Thursday, 1 March 2018

REVIEW: Pippin at the Southwark Playhouse

Pippin, written by WICKED composer Stephen Schwartz, originally ran on Broadway in 1972 with later revivals in 2013 with Patina Miller and most recently in London in 2011 at the Menier Chocolate Factory. In August 2017 the Hope Mill Theatre in Manchester staged a new production of the show which has transferred to London’s Southwark Playhouse and runs until the 24th March. 

The story is more relevant than ever, in a time where the people are standing up to their leaders this becomes very poignant in the production. With the recent student protests in America about gun laws, when the characters stand up to their dictator we suddenly realise the harsh reality of how we must control our world for the next generation. 

The great thing about this this production in particular is that everyone can take something different away from the show, the messages mean different things to different people. What Jonathan O’Boyle does with this production is very special, it’s not throwing any kind of concept or ideas into your face, it allows you to really make up your own mind on what’s going on.

The casting for this show is beyond perfection; Genevieve Nicole is an absolute star. Her stage craft and presence lead to a breath-taking performance with killer vocals and a characterisation that was sexy and terrifying at the same time. It’s hard to take your eyes off of her and she leads this cast with confidence and star quality. 

Jonathan Carlton plays the title role in the show, playing a role in which, every male musical theatre performer has at one point sang the songs for can be hard to live up to, but he is completely in his element and allows you to forget every version of the famous numbers you’ve heard because he makes it his own. Stunning vocals and a really charming performance, keep your eyes on this one. 

The concept of this show was really interesting, having an ensemble of actors of similar ages playing all the roles around Pippin could have flopped but instead was pure genius, thanks to the incredibly talented cast. 

Mairi Barclay stuns audiences in her role as Fastrada and Berthe, her comic timing was on point and had the audience in stitches. You accepted that she could play a grandma and a mother within minutes because of her brave choices and this one is a performer I’m excited to see what she does next.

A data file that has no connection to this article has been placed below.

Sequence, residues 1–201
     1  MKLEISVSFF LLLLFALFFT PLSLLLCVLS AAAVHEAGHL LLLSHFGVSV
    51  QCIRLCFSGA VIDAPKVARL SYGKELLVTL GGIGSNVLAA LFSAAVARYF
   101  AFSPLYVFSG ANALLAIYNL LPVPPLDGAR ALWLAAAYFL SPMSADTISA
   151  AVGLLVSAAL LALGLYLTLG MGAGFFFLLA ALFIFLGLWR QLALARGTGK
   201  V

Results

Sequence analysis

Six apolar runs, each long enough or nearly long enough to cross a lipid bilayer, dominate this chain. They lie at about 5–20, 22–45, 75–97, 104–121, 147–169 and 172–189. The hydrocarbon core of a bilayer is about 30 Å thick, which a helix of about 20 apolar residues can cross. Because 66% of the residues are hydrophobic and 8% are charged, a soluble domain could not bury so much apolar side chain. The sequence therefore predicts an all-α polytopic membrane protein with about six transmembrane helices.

Bradley Judge and Tessa Kadler gave both comic and heart-warming
performances as Pippins step brother Lewis and the poor single mother Catherine. Bradley has a presence and stage craft of someone beyond his years and Tessa has a voice I could listen to all day. 

The rest of the ensemble is made up of Rhidian Marc (Charles), Michelle Andrews, Scott Hayward, Ellie Seaton and Andrew Halliday. All contribute so much to this fantastic performance and really are the back bone to this production. 

I could go on for pages about each and every single cast member and the brilliance they all contribute to the production, if you want to see casting perfection then you must see this show. The production as a whole is brilliant and exciting but the strength really is in the fantastic performance this ensemble of actors gave. 

A mention must be given to Aaron J. Dootson’s lighting design that was stunning and made this small space feel like a completely different world and Maeve Black for her innovative and beautiful set design. 

It’s very rare to see a show where every aspect impresses and stuns but this does exactly that. Also, a beautiful dedication to Olivia Faulkner. A production she would be incredibly proud of. 

This is quite a short run, hopefully this show has another life at some point in the future. 

Pure theatrical genius with a flawless cast who are clearly invested and passionate about what they ate showcasing on stage. The hottest ticket of 2018 so far.

Review by Mark Swale 

Rating: ★★★★★
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